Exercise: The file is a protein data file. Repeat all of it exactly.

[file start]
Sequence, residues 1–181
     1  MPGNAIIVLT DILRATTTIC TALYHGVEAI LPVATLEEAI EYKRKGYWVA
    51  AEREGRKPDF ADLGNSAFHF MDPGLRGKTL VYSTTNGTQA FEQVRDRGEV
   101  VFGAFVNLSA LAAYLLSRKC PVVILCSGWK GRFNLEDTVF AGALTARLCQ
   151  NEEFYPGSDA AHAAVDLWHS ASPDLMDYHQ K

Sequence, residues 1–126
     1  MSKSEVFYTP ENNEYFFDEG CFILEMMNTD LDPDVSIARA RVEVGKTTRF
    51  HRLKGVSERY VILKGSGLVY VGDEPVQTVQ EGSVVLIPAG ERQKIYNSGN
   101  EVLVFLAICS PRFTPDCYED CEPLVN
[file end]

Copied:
Sequence, residues 1–181
     1  MPGNAIIVLT DILRATTTIC TALYHGVEAI LPVATLEEAI EYKRKGYWVA
    51  AEREGRKPDF ADLGNSAFHF MDPGLRGKTL VYSTTNGTQA FEQVRDRGEV
   101  VFGAFVNLSA LAAYLLSRKC PVVILCSGWK GRFNLEDTVF AGALTARLCQ
   151  NEEFYPGSDA AHAAVDLWHS ASPDLMDYHQ K

Sequence, residues 1–126
     1  MSKSEVFYTP ENNEYFFDEG CFILEMMNTD LDPDVSIARA RVEVGKTTRF
    51  HRLKGVSERY VILKGSGLVY VGDEPVQTVQ EGSVVLIPAG ERQKIYNSGN
   101  EVLVFLAICS PRFTPDCYED CEPLVN